Ecology and Population Dynamics of Ridgway's Rails along the West Coast of the U.S.

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The Ridgway’s rail is a federal and state listed endangered species that occurs in wetlands along the Pacific Coast and from the Lower Colorado River drainage to southern Baja California. Three subspecies of Ridgway’s rail are found within the United States: the California Ridgway’s Rail, Yuma Ridgway’s rail, and Light-footed Ridgway’s rail.  All three subspecies have declined since 1900 as a result of habitat loss, with interference with tidal flow as the most common mode of habitat degradation. Critical information on this species’ movements, habitat use and survival are not well understood. Explore this project to learn more on how WERC's Mike Casazza is investigating the ecology and population dynamics of the Ridgway’s rail to inform conservation and management of this endangered species and its habitat.

WERC Ridgway's rail marked to track movement
Ridgway's rail marked to track movement.(Public domain.)

USGS scientists are investigating the ecology and population dynamics of the Ridgway’s rail throughout its range to inform conservation and management of this endangered species and its habitat in the context of urbanization and other trends in land use change. The knowledge that will be gained from the undertaking of this study will prove useful for land managers seeking to not only protect the Ridgway’s rail but also to conserve and improve existing wetlands along the Pacific Coast as a whole. As such, this study will support the USGS Ecosystems mission area, which is committed to providing unbiased science, tools, and decision support to the Nation’s natural resource managers.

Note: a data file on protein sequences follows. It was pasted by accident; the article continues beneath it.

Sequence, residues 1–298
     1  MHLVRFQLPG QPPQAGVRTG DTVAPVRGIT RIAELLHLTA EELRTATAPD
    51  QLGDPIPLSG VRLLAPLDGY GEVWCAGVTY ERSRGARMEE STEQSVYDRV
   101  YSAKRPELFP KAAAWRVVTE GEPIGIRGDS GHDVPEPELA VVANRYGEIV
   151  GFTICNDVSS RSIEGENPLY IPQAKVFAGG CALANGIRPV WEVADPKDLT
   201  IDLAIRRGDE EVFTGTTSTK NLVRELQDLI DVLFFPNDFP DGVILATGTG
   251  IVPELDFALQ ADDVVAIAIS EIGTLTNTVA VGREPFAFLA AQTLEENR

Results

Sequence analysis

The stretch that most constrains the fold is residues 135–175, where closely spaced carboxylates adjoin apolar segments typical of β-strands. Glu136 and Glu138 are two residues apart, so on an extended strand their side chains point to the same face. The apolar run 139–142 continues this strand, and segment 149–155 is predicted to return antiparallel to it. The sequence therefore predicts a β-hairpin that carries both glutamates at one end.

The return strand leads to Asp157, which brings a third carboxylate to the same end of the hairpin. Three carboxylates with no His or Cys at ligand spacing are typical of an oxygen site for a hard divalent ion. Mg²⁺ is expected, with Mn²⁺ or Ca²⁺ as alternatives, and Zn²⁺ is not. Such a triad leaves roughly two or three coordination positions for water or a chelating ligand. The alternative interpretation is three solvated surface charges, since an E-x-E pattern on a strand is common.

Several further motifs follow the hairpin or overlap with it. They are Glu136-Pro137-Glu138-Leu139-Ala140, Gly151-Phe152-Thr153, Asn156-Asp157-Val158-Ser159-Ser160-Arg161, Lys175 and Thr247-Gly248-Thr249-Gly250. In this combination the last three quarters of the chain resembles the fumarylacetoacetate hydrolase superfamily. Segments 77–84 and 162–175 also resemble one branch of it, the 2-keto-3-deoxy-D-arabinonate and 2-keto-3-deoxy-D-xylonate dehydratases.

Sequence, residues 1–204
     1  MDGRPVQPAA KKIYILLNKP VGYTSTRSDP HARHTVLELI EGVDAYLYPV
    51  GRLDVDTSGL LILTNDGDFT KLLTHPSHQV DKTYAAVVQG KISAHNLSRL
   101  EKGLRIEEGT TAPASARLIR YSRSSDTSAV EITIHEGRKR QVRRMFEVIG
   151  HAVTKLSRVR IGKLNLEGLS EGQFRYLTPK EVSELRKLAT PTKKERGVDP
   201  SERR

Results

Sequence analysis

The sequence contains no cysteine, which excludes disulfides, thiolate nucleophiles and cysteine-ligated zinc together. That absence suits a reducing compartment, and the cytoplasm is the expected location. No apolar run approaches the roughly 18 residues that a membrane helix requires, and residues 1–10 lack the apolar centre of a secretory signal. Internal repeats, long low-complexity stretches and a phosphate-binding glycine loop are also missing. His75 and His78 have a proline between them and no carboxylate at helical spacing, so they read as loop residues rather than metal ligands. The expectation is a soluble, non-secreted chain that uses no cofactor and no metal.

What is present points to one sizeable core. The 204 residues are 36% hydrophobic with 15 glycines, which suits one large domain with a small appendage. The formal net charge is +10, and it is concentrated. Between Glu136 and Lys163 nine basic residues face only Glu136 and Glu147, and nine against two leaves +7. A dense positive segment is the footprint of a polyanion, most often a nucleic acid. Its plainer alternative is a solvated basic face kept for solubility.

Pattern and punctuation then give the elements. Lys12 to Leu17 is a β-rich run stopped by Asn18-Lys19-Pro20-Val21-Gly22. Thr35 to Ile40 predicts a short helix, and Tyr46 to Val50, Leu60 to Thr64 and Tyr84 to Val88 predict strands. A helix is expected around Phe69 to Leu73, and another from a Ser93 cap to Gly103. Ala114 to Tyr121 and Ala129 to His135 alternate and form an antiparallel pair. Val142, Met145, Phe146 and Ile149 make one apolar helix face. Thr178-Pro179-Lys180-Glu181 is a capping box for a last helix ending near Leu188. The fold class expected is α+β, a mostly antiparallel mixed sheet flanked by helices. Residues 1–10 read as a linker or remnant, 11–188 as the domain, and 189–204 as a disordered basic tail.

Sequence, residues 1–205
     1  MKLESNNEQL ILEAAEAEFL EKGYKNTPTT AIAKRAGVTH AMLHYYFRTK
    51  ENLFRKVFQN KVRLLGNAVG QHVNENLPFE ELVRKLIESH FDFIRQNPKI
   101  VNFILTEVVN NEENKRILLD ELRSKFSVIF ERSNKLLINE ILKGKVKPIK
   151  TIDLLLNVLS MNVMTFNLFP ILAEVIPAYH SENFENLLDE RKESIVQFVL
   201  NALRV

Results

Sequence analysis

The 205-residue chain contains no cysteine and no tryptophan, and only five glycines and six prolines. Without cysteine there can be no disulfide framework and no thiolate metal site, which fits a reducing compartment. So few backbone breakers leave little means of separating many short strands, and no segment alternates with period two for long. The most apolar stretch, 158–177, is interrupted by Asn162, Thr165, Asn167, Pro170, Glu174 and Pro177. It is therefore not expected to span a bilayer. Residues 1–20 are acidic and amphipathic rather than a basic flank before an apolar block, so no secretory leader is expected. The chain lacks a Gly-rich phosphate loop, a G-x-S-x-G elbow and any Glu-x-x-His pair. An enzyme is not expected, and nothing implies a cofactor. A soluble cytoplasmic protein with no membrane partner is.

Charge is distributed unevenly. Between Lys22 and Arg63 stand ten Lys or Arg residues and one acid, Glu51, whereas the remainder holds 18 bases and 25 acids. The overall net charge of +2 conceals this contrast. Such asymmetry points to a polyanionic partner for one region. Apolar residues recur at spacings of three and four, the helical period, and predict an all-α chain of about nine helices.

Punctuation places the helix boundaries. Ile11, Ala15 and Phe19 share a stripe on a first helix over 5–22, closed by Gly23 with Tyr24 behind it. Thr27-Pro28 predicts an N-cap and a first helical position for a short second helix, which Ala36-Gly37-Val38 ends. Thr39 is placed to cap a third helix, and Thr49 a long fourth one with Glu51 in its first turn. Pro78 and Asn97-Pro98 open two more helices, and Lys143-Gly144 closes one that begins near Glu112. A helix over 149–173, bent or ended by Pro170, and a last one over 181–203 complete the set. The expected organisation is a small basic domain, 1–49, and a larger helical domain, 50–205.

Today the California Ridgway’s (former Clapper) rail continues to face a multitude of threats including continued habitat loss and degradation, predation by both native and non-native species, and sea-level rise. As a result, long-term population persistence of the endangered California Ridgway’s rail is likely to become increasingly reliant on management intervention. We will continue to monitor populations throughout Suisun Marsh and San Francisco Bay remotely through the use of acoustic recording devices.  We will also integrate additional acoustic detection software/techniques to streamline data processing and refinement of autonomous survey protocol.  We will coordinate with and inform the California Ridgway's Rail Recovery Team and provide science support for transition zone management projects led by Point Blue Conservation Science. In addition, we will analyze movement data for Yuma Ridgway's rail and assess mercury levels in Yuma Ridgway's rails and rail prey in the Salton Sea. We will conduct surveys for rails and assess seasonal population redistribution in Yuma rails. Finally, we will continue to work on manuscripts related to movement data, habitat use, and behavior.

Objectives:

  1. Study Ridgway’s rail demographics to determine current status of populations.
  2. Examine habitat use and movement patterns of Ridgway’s rails to determine habitat needs and preferences.
  3. Investigate impacts of environmental factors on Ridgway’s rail to inform decisions regarding wetland management (effect of invasive Spartina control, impacts of contaminants, and impacts of disease).
  4. Analyze genetic trends in the Ridgway’s rail across its range to examine effects of land use change on Ridgway’s rail populations.
WERC Ridgway’s rail in vegetation
Ridgway’s rail in marsh habitat. (Public domain.)